Is your single-family home or condo exempt from California’s statewide rent cap and “just cause” for eviction provisions under the Tenant Protection Act (AB 1482)?

If so, make sure you have provided the required notice to your tenant.

A separately alienable unit (e.g., a single-family home or condo) is not exempt from AB 1482 unless it meets two criteria:

(1) It is not owned by a corporation, real estate investment trust or LLC of which a corporation is a member and

(2) Notice of the exemption is included in the rental agreement. 

CAA’s rental agreements dated November 2019 and later include the requisite statement. Alternatively, the exemption can be included in an addendum to the agreement using CAA’s Exemption from AB 1482 Addendum (Form CA-096).   

CAA has also created a new change-of-terms form to make it easy to add this provision to an existing month-to-month agreement:  Notice of Change of Terms of Tenancy (AB 1482 Separately Alienable Exemption).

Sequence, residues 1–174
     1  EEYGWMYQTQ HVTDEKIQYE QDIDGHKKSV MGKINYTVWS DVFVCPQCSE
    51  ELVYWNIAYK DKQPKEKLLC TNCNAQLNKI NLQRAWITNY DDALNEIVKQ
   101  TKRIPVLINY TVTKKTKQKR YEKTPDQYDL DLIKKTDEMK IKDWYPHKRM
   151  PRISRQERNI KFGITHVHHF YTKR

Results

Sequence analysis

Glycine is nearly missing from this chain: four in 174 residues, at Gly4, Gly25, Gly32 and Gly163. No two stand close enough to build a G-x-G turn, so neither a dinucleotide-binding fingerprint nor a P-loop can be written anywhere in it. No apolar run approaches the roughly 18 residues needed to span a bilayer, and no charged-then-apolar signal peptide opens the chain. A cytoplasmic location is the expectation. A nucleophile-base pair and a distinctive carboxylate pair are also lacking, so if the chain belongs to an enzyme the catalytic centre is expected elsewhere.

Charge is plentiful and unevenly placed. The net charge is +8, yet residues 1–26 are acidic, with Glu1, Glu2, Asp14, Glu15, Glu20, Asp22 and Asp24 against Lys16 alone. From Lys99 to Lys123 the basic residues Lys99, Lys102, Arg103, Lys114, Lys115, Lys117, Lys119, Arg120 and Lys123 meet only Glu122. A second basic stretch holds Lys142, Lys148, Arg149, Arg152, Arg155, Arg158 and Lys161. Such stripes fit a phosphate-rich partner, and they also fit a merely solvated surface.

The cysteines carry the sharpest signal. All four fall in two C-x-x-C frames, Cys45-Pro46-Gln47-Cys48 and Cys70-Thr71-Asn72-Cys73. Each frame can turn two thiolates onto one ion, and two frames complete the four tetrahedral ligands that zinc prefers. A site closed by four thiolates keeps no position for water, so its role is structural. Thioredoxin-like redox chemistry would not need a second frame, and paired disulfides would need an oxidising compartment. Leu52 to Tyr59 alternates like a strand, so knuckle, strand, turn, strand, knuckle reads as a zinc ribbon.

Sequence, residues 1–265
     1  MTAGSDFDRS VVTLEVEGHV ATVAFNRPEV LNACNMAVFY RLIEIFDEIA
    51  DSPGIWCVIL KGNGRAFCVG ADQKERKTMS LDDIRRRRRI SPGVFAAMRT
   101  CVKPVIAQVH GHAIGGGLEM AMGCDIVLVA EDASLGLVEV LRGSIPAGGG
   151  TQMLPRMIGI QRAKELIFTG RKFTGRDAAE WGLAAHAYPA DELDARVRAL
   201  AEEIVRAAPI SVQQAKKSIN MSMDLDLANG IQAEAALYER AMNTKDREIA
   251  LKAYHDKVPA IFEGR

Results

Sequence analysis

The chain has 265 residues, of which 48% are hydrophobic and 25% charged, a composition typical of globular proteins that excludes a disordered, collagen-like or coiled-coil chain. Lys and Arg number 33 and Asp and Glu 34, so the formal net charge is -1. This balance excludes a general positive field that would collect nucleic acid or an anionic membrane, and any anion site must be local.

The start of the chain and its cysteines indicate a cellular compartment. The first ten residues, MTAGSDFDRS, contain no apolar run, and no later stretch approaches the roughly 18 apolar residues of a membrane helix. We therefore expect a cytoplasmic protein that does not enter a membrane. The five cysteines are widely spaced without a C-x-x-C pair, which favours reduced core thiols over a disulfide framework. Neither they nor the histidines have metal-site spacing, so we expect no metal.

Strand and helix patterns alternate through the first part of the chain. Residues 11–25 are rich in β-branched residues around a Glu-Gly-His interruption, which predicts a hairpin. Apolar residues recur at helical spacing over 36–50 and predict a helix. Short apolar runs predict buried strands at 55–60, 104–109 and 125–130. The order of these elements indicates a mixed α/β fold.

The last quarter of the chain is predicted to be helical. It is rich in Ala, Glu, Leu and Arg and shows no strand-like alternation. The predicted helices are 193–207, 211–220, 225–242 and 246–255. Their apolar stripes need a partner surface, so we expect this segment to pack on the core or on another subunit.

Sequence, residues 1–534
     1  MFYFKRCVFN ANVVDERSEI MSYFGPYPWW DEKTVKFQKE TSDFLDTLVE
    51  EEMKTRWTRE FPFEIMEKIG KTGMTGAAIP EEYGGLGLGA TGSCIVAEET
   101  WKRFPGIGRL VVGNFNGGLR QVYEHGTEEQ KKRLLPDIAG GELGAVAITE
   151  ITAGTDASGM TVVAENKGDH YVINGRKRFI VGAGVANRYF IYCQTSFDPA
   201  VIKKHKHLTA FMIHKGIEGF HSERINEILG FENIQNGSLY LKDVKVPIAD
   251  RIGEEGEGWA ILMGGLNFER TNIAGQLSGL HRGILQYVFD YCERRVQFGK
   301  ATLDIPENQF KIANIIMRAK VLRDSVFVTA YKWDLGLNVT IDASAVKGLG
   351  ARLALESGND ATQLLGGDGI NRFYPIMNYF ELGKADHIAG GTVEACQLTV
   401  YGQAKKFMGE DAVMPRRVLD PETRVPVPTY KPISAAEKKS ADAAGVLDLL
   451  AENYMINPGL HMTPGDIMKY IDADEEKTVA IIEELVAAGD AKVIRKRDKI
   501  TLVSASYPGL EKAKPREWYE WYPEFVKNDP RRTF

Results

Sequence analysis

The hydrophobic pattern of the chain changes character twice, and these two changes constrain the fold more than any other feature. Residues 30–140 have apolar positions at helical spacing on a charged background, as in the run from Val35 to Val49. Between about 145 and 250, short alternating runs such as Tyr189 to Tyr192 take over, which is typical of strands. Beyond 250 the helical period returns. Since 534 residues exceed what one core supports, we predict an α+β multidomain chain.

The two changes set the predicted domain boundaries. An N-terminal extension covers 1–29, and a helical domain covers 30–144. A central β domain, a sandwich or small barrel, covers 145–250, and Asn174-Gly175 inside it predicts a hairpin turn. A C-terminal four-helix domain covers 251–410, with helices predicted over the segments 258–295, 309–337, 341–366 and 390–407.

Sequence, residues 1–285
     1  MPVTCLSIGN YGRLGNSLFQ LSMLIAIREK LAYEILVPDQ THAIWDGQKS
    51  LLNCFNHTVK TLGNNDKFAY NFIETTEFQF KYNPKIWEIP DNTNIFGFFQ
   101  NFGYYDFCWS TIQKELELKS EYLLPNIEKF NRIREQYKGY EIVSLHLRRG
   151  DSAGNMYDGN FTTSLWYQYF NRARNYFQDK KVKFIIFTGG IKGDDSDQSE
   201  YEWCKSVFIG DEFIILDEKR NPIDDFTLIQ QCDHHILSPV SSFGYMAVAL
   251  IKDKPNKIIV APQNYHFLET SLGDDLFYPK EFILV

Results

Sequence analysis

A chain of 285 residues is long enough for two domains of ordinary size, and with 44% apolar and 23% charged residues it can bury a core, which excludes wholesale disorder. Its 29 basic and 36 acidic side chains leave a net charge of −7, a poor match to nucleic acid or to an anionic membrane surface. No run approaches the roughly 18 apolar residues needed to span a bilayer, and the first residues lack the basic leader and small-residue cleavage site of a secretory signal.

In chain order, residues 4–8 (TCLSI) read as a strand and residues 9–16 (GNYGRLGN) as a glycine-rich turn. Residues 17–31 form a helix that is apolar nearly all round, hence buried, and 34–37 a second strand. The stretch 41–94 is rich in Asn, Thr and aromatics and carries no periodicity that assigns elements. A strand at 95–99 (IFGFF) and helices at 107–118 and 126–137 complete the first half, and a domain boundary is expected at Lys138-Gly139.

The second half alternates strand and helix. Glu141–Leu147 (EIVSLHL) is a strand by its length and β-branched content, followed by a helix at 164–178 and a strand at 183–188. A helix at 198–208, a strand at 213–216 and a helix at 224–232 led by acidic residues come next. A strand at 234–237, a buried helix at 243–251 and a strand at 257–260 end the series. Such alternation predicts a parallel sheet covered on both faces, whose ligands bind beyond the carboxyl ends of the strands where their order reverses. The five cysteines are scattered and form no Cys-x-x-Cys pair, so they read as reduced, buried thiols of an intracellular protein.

Furthermore, CAA has created change-of-terms forms to easily add the other two required provisions from AB 1482 to the rental agreement, if needed. These two provisions are for properties that are subject to AB 1482. The first form adds an addendum stating that AB 1482 does apply to the property, and the second adds a provision stating that “owner move-in” is an allowed “just cause for termination.”

Notice of Change of Terms of Tenancy (Tenant Protection Act, AB 1482, Applicability)

Notice of Change of Terms of Tenancy (AB 1482 Owner Move-In Provision)

Both of these provisions are already in incorporated in CAA’s rental agreements.

To determine whether AB 1482 applies to your property, use the AB 1482 Provision calculator at AB 1482 — State Rent Caps.